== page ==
It’s been a decade since the film WHISPERING CORRIDORS was released in Korea and several years, since the DVD release of that film and its two companion projects MOMENTO MORI and WISHING STAIRS made their debuts here in the U.S. Last year when Tartan Asia Extreme re-released the films in a GHOST SCHOOL TRILOGY box set, they neglected to mention that a fourth film in the series had been shot in 2005. That film, YEOGO GWAE-DAM 4: MOKSORI arrives on DVD Stateside from Genius Entertainment under the much more manageable title VOICE.
Like the other films in the “GHOST SCHOOL TRILOGY” VOICE only shares the most basic of plot descriptors—those being, the setting; an all-girls school, and the overall focus; a ghost story. How each film uses those broad brushstrokes to paint their celluloid picture is what makes them unique. This time however, the film seems to be combining major and minor plot points from the previous three incarnations to manufacture the latest supernatural horror story.
The basis of the story is one of friendship. Young-eon (Kim Ok-bin, ARANG) is your average high school girl with one amazing gift—her beautiful singing voice. Her best friend is Sun-min (Seo Ji-hyu). As the film opens, Young-eon is rehearsing late into the evening on campus. After Sun-min heads home for the night, Young-eon is killed by a vengeful spirit. The next morning Young-eon awakens—apparently alive—in the music room having seemingly spent the night at the school. But, once she ventures out into the bustling halls, she discovers the horrible truth about her fate. Desperate to communicate with anyone that she is still there, Young-eon discovers that Sun-min can still hear her. When Sun-min finally accepts that she’s not insane and that the voices in her head are real, the pair set out to unravel who killed Young-eon and why.
For a ghost story, and a horror film to boot, VOICE is essentially nothing more than a murder mystery, and one that has to be solved by the actual victim. The suspects are abundant, with suspicions falling on the music teacher (Kim Seo-hyeong, BLACK HOUSE) who lost her voice due to throat cancer, the new student who just returned from the nuthouse (Cha Ye-ryeon) or perhaps even a vengeful spirit of another promising teenage soprano who committed suicide in the schools elevator (Lim Hyeon-kyeong). The film successfully balances these questions dutifully doling out tidbits of information and misinformation through flashback sequences. The film also introduces a few interesting ideas about life after death—including that the spirits can visit their memories through a kind of temporal vortex and that the spirit is only held to this plane of existence as long as someone here remembers them. It’s this final caveat that makes the relationship between Young-eon and Sun-min so compelling and it’s also what sets the film apart in terms of tone—making it more of a drama than your standard Asian Horror film.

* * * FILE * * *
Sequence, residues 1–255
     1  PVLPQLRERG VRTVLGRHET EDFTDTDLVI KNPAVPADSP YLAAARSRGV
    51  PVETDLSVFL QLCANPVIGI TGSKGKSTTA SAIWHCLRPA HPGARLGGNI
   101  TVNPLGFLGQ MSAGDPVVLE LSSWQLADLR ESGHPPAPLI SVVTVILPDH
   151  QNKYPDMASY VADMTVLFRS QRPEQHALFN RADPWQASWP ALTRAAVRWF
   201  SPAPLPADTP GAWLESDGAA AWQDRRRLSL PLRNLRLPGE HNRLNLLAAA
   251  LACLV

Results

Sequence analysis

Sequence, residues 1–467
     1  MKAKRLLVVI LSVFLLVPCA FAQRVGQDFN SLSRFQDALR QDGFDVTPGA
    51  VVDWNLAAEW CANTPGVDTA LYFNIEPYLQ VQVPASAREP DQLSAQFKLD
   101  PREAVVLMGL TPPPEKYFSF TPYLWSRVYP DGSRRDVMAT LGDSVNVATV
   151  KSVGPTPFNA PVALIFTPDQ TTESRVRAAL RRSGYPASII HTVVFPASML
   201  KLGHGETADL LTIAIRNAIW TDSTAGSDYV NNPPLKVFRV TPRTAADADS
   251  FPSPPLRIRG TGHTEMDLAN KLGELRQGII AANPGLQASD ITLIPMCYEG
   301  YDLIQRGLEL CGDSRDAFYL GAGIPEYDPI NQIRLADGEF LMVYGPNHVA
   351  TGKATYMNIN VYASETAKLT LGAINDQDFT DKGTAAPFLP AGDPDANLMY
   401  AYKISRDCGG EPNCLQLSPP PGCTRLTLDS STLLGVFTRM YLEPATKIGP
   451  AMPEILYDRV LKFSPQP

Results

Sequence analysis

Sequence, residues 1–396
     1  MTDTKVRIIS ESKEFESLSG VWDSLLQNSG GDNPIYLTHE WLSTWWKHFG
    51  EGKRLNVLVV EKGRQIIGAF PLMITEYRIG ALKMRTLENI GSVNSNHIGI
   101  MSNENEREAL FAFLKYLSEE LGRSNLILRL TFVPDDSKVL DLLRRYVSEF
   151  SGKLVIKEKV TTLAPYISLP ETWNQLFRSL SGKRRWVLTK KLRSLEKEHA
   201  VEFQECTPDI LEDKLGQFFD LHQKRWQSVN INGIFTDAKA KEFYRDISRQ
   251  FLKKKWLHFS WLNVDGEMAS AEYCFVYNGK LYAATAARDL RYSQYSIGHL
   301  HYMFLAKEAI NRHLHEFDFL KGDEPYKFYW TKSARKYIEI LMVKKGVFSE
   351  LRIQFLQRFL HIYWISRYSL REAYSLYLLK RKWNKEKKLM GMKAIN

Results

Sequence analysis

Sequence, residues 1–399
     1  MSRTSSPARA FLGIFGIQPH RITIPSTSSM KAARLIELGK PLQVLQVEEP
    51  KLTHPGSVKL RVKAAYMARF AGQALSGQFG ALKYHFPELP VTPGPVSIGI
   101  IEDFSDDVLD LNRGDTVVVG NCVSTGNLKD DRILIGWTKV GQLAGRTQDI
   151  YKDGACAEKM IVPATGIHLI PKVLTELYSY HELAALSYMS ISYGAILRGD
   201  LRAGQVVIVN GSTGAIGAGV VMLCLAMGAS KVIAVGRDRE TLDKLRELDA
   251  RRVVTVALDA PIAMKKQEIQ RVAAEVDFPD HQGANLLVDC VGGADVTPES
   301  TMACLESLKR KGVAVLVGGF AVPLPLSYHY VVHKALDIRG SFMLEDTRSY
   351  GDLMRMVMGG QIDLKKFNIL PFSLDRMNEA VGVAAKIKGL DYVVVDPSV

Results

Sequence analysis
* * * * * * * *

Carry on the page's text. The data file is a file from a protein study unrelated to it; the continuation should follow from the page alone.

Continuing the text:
Unlike so many of it’s J and K-horror brethren, VOICE is also—for all it’s flashbacks—an incredibly linear film that isn’t the least bit difficult to follow…up to a point. It seems that Director Choe Ik-hwan decided at the last minute—where he’s going for the big resolve—to inundate the audience with far too many ideas about what transpired over the course of the film. It makes matters even more complex in that the exposition occurs between mirror images of the Young-eon characters. So, essentially she’s telling herself what happened but from the point of view of a different character. To say this dénouement requires that you put down your popcorn and pick up your brain power would be an understatement. Also, at 104-minutes VOICE is the longest film in the series other than the original and it sometimes feels every minute of it. Still, these flaws don’t distract too badly (assuming you “get” the conclusion) from the overall production making it one of the strongest entries of the set.
Finally, the film wraps up with the most melancholy closing credit sequences I’ve ever seen in an Asian Horror film and perhaps in a Western one too—really driving home the isolationism of the lost spirits in the story. In fact, for lack of a better term one could say it’s haunting. It’s also a fitting and classy closing to a production that rises above the clichés that generally riddle the Asian market—a truly interesting project that is totally worth checking out even if you’ve never seen any of the other GHOST SCHOOL films.
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